The best part of what Margot and I do with shoes is teaching others how to do it. We get great satisfaction out of sharing something new and then, literally, seeing the lightbulb click on above our students’ heads when they realize the world of possiblities that we just opened up for them.
A couple weeks ago, my friend Beth visited from Chicago and I told her I would teach her how to “do” shoes while she was here. She was very excited about this prospect.
After she arrived, we took a trip to Payless to search for some cheap shoes to upgrade. We saw this odd quasi-bootie/sandal/heel hybrid that we both had an immature chuckle over while it was sitting in its box. It was sort of silly looking, so we kept hunting. After a few moments, we decided maybe it was one of those shoes that looked better on the foot than in the box. Beth tried them on. This made a ton of difference. They looked FAR better AND, as a bonus, had a very large surface on which we could create a design.
When we got back to my house Beth was very excited to get started. She loves color and wanted to incorporate a lot of it, but was a little bit nervous about “screwing up.” I gently reminded her that we could always paint over what we had done (which is one of my favorite parts of altering shoes with paint). She thought a Day of the Dead sugar skull theme would be a good muse for tons of color. I took one shoe and she took the other so I could walk her through the process.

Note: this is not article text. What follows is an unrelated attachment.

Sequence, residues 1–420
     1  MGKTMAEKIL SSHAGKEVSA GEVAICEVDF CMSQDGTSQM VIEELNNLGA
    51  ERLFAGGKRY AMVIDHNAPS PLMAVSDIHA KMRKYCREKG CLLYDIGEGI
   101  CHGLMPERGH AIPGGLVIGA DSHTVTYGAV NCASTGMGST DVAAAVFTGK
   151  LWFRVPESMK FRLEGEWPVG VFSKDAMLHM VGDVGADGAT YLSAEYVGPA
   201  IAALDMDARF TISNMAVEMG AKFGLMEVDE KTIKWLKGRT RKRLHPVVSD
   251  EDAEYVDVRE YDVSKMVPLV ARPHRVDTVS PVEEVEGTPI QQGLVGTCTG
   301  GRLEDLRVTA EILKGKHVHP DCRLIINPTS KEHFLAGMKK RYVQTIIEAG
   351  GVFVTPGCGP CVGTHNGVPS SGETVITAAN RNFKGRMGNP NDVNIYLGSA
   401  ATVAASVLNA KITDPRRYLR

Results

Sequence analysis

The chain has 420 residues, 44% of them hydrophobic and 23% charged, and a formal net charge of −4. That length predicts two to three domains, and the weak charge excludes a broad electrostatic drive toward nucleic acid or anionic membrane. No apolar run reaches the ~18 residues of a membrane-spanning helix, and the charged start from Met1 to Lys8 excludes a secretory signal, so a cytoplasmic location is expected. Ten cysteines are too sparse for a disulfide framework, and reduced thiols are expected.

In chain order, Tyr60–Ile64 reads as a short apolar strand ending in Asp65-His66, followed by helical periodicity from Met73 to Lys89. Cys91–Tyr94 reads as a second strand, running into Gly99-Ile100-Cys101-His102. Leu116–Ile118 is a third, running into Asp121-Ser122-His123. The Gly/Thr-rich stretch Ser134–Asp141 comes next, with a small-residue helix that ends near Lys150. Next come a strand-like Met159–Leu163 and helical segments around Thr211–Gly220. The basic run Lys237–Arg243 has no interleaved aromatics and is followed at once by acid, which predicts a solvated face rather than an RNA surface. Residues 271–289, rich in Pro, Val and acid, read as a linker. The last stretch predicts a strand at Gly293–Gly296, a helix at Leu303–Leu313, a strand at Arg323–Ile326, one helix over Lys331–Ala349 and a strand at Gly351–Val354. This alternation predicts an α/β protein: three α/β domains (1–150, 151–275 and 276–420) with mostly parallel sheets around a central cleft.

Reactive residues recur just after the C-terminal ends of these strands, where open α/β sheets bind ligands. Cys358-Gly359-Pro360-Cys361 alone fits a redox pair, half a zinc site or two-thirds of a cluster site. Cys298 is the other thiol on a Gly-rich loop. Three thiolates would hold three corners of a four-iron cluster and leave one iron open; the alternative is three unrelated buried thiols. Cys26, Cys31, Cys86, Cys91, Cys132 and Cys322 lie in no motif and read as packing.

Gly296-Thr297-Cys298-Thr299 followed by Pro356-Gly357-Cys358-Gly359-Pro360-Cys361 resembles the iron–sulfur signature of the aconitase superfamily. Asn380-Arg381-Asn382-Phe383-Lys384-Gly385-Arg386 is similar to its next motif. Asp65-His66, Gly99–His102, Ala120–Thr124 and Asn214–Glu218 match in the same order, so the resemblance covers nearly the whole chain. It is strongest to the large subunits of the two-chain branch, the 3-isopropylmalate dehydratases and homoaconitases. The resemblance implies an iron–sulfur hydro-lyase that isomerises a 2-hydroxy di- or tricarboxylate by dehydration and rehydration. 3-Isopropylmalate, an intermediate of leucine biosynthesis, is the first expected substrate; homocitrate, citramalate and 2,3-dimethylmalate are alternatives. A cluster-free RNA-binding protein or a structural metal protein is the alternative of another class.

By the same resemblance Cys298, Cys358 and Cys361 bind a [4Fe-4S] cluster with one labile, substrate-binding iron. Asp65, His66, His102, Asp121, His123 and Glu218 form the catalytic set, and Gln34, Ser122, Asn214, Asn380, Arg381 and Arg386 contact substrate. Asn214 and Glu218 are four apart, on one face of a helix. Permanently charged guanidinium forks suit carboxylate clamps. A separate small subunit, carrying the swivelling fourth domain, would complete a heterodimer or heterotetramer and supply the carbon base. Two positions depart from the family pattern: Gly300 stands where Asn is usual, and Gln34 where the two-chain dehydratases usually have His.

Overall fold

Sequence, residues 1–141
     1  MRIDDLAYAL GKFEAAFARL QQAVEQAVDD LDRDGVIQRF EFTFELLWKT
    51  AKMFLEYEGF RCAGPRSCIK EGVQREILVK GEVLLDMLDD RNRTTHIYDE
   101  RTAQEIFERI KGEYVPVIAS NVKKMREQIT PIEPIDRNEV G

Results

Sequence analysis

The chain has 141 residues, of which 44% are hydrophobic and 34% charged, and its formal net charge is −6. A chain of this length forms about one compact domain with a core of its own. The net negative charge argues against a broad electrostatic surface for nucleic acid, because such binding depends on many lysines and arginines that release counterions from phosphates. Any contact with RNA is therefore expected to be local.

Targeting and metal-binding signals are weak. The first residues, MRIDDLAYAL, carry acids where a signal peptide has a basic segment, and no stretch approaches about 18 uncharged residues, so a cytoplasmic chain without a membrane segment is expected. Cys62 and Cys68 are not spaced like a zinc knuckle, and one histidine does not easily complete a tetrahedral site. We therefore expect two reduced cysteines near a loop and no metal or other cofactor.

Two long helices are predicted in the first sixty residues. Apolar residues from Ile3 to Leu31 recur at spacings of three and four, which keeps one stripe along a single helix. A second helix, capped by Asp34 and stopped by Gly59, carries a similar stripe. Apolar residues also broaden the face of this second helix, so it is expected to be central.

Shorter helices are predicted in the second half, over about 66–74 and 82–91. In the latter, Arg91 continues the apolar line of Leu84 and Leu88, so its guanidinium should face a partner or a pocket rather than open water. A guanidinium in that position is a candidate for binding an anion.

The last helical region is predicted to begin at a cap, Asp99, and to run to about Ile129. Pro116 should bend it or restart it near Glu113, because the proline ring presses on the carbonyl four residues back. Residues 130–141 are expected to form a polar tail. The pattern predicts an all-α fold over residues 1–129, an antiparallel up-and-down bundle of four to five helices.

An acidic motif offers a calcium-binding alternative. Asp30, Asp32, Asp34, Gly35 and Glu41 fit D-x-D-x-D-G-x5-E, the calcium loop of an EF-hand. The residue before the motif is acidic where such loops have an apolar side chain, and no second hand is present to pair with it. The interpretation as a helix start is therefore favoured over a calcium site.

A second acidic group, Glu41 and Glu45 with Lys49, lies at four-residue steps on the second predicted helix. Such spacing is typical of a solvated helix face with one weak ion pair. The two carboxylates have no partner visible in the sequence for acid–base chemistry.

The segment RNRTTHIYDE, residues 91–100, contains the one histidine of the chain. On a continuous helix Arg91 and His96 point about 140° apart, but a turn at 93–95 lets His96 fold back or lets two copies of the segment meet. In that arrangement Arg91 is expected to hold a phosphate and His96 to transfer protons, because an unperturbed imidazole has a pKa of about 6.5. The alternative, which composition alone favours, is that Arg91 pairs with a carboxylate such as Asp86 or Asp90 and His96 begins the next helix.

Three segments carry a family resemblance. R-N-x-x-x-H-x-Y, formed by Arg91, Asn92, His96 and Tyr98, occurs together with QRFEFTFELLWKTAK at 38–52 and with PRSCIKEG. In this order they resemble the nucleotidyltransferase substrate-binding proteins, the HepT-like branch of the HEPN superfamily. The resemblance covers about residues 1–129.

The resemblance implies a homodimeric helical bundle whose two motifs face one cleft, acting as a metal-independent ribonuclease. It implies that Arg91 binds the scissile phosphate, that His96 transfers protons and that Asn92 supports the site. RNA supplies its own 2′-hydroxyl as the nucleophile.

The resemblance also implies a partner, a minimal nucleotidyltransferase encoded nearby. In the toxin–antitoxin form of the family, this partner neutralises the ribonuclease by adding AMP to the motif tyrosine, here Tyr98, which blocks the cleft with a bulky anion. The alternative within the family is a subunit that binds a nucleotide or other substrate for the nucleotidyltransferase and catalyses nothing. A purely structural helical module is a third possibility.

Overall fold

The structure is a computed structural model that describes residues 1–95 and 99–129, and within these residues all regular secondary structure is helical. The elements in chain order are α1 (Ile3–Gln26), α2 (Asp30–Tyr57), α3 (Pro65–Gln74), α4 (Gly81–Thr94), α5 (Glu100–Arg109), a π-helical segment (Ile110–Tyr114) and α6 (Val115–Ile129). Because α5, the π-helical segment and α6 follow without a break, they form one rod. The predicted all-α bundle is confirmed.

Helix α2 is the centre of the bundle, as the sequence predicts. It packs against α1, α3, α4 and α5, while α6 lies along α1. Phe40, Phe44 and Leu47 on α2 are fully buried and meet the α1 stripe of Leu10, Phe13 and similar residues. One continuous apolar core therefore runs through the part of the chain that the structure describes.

We started by prepping the shoe (which is faux leather) by rubbing it with a cotton ball dampened with plain acetone. Then we painted a base coat of Pearlescent Magenta on the upper portion of the shoe using a fan brush. Two coats were needed to cover evenly. Next we painted the lower portion with Bright Gold (2 coats again) as a base.
Beth had seen my blog about the shoes I did for the wonderful Vicki Leon and wanted that speckled look, so we broke out a natural sea sponge to apply the rest of the paint colors. On the upper portion of the shoe, over the Pealescent Magenta, we sponged Pearlescent Blue, then Pearlescent Violet. (It’s best to let each color dry before applying the next, but it dries really quickly.) Onto the Bright Gold base on the lower part of the shoe, we sponged Citrine, Pearlescent Turquoise, then Pearlescent Violet, in that order.
Beth created beautiful bows with some purple iridescent wired ribbon that we found at Lina G’s trim store in Morro Bay. She added a bone skull bead (picked up at Beads by the Bay) to each one. Luckily, Beth knows how to handle a leather needle and swiftly stiched the ribbon and skull onto the elastic strap at the back of the shoe, using some Fireline as her thread.
And damn they looked good!! A whole new shoe!